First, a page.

Australia’s Northern Territory is a destination of vast distances, incredible natural beauty, a rich Indigenous cultural heritage, and plenty of unique quirks and surprises.
Encompassing the tropical Top End, the bio-diverse and culturally significant Kakadu and Nitmiluk National Parks, and the subtle arid beauty of the Red Centre, one of the best ways to explore the Territory is on a road trip from bustling capital city Darwin to outback provincial hub Alice Springs — a total distance of 1,500 kilometres, give or take a detour or two to check out key attractions. And while a road trip like this takes plenty of planning and preparation, the rewards are well worth the effort.
In this video, we bring you ten amazing things to do on a road trip from Darwin to Alice Springs in the Northern Territory – a distance of roughly 1,500 kilometres through the amazing Australian outback.
The trip can be done entirely on sealed roads, but travelling during the wet season (November to April) can see some Top End roads and attractions closed. Follow the travel advice of local authorities, plan your fuel stops carefully, and ensure you have plenty of drinking water with you at all times.
Here are ten of the best things to do on a Darwin to Alice Springs road trip. This list assumes you will spend a few days in Darwin at the start of the trip, and two or three days in Alice Springs at the end. It only scratches the surface and there are hundreds of other amazing things to see and do along the way. But if you tick off these ten highlights, you’ll have given it a good go. Enjoy!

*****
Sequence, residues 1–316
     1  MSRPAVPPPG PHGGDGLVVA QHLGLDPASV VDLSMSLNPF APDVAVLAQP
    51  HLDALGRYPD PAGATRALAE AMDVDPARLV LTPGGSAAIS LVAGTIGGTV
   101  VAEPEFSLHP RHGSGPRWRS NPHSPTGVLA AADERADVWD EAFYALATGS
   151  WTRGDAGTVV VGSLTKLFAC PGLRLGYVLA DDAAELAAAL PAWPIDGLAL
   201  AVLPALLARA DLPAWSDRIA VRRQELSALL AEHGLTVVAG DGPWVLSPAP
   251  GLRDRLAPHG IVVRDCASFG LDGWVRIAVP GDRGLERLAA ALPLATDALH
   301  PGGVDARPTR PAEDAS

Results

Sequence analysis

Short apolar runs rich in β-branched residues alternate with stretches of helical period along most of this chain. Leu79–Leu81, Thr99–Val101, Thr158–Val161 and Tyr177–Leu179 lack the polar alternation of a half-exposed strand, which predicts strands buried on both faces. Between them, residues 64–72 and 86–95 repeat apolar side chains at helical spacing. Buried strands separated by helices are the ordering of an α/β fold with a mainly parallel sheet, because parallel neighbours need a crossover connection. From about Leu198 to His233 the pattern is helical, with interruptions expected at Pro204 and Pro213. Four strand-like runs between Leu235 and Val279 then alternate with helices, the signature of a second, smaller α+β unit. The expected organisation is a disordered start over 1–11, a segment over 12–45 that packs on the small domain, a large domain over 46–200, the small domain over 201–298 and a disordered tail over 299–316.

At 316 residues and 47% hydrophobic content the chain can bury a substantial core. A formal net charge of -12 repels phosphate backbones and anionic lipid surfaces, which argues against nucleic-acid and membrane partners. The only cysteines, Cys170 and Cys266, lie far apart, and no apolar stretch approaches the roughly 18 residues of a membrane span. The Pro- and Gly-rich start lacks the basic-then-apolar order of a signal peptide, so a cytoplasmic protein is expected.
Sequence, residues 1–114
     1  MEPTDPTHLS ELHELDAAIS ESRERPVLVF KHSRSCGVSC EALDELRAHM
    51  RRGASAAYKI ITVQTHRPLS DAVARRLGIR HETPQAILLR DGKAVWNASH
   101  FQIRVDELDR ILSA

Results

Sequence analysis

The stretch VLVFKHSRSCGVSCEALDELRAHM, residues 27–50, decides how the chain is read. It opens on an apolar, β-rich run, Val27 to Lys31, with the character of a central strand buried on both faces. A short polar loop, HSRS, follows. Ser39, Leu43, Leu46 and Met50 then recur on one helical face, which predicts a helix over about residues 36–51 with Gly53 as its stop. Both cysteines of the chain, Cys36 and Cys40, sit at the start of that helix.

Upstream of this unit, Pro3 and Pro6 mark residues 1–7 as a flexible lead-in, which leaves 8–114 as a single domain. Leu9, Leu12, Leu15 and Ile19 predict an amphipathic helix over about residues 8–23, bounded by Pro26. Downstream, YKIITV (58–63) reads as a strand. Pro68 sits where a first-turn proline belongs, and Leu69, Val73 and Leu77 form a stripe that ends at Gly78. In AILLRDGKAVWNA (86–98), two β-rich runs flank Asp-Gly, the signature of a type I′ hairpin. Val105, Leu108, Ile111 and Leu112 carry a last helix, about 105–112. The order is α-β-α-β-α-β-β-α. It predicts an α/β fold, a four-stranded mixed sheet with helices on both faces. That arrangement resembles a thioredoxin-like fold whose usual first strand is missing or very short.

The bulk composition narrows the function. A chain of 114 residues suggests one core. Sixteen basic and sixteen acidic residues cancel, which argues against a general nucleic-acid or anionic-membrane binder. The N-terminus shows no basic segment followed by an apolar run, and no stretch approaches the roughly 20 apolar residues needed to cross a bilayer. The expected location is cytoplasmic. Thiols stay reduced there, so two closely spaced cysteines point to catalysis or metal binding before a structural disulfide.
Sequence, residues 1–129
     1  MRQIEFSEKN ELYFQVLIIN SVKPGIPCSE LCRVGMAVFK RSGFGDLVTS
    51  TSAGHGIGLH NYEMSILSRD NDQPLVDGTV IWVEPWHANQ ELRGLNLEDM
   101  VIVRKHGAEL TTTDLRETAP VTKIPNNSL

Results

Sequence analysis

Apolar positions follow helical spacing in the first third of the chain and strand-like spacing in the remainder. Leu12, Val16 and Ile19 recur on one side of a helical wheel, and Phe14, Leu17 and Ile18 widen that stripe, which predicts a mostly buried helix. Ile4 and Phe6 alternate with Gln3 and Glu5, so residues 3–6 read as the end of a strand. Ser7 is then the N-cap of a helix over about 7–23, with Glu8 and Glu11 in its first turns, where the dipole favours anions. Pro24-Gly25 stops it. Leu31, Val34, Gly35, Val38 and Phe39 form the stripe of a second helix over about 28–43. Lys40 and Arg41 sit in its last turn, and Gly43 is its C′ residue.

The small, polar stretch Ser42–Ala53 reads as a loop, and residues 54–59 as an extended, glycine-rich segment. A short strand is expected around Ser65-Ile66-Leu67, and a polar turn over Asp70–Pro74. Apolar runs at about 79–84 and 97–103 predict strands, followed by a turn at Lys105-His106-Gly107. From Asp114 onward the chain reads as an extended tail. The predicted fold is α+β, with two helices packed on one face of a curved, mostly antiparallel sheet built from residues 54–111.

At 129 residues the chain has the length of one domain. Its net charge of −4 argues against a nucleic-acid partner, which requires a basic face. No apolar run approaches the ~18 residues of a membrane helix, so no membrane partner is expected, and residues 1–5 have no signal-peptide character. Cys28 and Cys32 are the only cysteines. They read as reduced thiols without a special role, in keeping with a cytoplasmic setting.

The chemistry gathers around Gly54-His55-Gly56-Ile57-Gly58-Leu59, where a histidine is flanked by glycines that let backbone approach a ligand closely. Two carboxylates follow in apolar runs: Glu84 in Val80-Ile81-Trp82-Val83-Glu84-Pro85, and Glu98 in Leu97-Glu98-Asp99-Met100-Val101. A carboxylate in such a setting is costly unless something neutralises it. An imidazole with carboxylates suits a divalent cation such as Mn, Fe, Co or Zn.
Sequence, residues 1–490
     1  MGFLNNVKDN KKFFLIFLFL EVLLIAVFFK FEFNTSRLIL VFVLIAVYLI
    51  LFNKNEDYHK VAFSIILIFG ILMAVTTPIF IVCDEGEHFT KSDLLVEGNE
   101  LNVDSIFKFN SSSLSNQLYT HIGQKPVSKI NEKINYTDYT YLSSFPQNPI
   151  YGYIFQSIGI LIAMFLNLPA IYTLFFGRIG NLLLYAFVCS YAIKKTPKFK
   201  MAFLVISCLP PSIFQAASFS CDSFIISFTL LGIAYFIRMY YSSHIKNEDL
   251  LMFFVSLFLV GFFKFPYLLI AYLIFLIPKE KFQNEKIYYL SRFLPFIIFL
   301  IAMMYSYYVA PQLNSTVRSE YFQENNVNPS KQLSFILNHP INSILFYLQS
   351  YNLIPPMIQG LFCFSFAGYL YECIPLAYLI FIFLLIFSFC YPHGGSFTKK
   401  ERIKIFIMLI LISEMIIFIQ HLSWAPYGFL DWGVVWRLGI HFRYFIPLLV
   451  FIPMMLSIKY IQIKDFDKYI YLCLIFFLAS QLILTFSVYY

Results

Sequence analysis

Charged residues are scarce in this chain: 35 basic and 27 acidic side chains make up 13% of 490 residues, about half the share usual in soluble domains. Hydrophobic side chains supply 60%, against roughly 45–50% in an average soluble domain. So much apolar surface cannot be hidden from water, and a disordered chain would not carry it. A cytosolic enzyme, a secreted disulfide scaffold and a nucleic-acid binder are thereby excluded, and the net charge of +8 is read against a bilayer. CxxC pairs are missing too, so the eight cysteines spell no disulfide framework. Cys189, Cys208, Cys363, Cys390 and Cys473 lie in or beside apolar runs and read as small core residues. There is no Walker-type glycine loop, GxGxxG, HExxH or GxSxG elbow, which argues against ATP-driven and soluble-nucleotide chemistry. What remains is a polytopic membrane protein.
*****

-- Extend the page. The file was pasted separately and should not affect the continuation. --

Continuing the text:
Watch our video of ten of the best things to do on a Darwin to Alice Springs road trip:
Welcome to The Big Bus tour and travel guide’s YouTube channel. In this video, we bring you ten amazing things to do on a road trip from Darwin to Alice Spri…
Darwin is a relaxed and friendly city, but some of the residents are known to be a little snappy. Crocodiles are a part of life in this neck of the Aussie woods — both the aggressive saltwater crocodile and the slightly less formidable freshwater crocodile — and you’ll learn a whole lot about both at Crocosaurus Cove in the heart of the CBD. One invaluable piece of information is that both species live in fresh water, so don’t swim in any Top End waterhole unless it is designated safe to do so by the Northern Territory Parks and Wildlife Service.
For an up-close but safe encounter with one of the Cove’s monster salties, take a spin in the Cage of Death. It will see you lowered right into a crocodile pool at feeding time. Also check out the reptile house, where you’ll get to hold a variety of native lizards and snakes.
If you’re in Darwin on a Thursday or Sunday during the dry season, don’t miss the fabulous Mindil Beach Sunset Market. It’s a microcosm of Top End life and a great spot to shop for locally produced arts and crafts. You can also enjoy casual eats from an array of street food vendors. The entire town usually turns out to enjoy the festive atmosphere. Grab a tub of tucker and head to the beach to watch the sunset.